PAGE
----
Study Shows Trans* Discrimination At Fault For HIV Rates
A new study from the World Health Organization has found that transgender women are 49 times as likely as a member of the general population to be HIV-positive. The study’s authors theorize why this would be:
“Many studies have demonstrated multiple co-occurring health problems among transgender women, including high rates of violence and victimization, substance use, sexual abuse and assault, and depression with suicidal ideation and attempts. This syndemic is associated with structural and social inequalities such as widespread stigma and discrimination, lack of access to identity documents that match gender expression, high prevalence of unemployment and under-employment, street-based sex work with low pay and no legal protections, homelessness and lack of access to health services, included gender-affirming care. Many transgender women have partners who are at high risk for HIV. Transgender women who seek psychological affirmation of their gender from partners may be more willing to have condomless sex, thereby increasing their vulnerability to HIV.”
Or, in other words, transgender women face barriers to getting adequate health care because they are discriminated against. There are obstacles to having their legal documents reflect their gender and presentation, which raises problems when they apply for jobs that might provide them with insurance that would cover their health care needs. Trans women are made additionally vulnerable by the fact that there are no housing, educational, or financial protections against discrimination based on gender identity.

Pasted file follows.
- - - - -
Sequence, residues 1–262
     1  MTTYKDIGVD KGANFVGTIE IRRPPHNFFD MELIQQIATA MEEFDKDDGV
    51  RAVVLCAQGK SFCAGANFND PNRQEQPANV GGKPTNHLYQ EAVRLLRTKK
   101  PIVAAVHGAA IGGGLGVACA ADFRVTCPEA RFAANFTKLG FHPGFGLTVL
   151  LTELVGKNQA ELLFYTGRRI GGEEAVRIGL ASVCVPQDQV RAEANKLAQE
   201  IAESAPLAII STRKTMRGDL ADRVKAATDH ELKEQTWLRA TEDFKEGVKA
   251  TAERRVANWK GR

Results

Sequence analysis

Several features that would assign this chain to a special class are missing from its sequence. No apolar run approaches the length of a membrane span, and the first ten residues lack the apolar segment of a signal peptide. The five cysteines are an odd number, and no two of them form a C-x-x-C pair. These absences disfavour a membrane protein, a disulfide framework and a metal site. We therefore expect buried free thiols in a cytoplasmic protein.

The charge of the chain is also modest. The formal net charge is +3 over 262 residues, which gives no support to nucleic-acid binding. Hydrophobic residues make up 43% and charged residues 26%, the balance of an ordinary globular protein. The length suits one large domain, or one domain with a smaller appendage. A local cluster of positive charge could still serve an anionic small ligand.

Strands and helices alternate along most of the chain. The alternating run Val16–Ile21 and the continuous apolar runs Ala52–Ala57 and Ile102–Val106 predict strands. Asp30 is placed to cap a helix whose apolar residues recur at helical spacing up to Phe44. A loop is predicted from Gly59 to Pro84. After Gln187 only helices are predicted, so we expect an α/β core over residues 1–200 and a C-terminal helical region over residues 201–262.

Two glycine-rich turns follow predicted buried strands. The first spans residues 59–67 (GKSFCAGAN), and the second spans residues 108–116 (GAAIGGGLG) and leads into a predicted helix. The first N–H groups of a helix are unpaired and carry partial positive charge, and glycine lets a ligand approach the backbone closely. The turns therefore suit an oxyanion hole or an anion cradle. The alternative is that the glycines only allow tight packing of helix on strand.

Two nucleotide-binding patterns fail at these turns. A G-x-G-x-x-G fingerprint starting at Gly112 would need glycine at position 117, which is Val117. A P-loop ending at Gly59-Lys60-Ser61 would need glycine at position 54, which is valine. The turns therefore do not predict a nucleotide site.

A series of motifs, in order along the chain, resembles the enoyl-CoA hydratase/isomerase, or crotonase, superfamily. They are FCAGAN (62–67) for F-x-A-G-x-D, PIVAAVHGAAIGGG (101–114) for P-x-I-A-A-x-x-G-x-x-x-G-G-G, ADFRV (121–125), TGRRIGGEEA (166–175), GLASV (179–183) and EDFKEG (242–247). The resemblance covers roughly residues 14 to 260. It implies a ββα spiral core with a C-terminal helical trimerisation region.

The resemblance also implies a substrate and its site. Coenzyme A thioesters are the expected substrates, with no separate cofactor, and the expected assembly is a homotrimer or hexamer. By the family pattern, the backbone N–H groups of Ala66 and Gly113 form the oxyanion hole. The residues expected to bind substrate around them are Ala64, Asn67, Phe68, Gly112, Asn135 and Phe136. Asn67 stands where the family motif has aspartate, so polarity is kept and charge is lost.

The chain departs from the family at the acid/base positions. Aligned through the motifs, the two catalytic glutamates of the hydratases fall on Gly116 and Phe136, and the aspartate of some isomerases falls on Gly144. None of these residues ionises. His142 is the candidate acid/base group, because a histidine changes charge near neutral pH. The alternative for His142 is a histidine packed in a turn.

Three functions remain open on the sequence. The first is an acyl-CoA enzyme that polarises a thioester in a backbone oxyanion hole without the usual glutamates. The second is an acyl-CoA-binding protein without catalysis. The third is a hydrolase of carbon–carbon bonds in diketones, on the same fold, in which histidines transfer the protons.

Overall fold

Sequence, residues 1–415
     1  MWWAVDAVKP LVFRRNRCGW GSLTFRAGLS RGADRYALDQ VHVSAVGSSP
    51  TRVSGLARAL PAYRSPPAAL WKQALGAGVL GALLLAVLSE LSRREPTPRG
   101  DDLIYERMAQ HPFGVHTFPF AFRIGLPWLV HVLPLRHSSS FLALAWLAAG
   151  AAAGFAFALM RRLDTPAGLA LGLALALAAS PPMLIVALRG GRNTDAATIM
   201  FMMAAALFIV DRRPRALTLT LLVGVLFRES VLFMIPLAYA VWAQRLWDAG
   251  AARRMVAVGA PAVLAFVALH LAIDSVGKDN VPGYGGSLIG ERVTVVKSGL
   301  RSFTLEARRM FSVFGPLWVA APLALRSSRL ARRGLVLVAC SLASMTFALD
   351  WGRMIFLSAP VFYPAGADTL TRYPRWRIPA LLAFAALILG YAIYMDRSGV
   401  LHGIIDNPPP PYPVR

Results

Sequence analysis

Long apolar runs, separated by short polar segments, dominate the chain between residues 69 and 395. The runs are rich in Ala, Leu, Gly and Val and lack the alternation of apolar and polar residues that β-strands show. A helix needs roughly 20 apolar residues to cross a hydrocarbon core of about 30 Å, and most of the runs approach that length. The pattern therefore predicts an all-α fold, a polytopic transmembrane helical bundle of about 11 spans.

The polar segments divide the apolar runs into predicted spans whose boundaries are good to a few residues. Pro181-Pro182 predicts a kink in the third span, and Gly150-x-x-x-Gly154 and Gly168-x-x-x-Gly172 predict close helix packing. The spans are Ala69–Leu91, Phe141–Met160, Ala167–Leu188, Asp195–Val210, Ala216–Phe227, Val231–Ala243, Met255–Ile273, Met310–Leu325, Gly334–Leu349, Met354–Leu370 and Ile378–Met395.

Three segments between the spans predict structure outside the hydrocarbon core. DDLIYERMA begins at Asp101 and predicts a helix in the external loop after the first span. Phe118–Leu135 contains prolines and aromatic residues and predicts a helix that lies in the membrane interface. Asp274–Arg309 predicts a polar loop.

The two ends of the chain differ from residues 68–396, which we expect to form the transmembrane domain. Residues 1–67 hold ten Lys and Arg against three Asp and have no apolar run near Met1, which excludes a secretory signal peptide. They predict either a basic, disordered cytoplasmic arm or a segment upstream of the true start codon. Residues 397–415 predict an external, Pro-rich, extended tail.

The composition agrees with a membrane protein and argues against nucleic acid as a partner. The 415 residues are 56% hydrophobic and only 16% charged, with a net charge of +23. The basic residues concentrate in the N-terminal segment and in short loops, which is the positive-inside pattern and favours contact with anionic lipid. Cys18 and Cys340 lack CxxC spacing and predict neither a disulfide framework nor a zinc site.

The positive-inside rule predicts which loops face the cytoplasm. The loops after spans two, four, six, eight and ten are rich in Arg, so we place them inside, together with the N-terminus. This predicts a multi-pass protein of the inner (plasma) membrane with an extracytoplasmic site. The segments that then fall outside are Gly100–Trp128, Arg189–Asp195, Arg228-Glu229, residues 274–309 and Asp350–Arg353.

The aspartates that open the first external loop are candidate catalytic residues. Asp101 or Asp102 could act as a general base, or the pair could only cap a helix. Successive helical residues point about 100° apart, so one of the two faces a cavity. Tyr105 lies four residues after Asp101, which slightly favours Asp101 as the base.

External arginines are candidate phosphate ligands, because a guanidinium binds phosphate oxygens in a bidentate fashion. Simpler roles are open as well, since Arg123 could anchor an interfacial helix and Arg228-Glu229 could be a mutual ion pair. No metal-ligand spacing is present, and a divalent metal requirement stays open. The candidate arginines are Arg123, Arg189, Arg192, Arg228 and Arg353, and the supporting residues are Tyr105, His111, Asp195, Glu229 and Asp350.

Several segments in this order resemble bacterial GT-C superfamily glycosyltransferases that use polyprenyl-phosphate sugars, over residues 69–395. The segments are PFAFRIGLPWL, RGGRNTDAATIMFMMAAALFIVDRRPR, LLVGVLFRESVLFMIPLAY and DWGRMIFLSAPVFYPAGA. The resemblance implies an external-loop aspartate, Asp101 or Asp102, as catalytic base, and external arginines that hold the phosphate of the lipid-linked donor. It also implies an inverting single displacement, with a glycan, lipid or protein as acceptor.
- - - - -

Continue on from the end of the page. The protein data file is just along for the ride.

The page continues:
It’s only now that legislation is being introduced that would put those protections in place, but in the meantime, the study shows that transgender sex workers have an HIV prevalence rate of 27 percent, as opposed to 15 percent for trans women who don’t engage in sex work.
On top of that, it was difficult for the study authors to even find data on HIV in the trans* community, because there were no countries in Eastern Europe or the entire continent of Africa that had that data. And, as the study notes, “HIV data on people with non-binary identities” – such as genderqueer, genderfluid, or agender individuals – “are lacking, and, therefore, are not discussed.”
While media attention has recently brought light to the existence of trans* individuals, and the insistence that the trans* community must be accepted as a part of our culture and no longer ignored as people, mainstream attention is still lacking on the subject of health needs in the trans* community and the complex reasons trans* individuals, particularly trans women, are underserved.
[h/t The Advocate]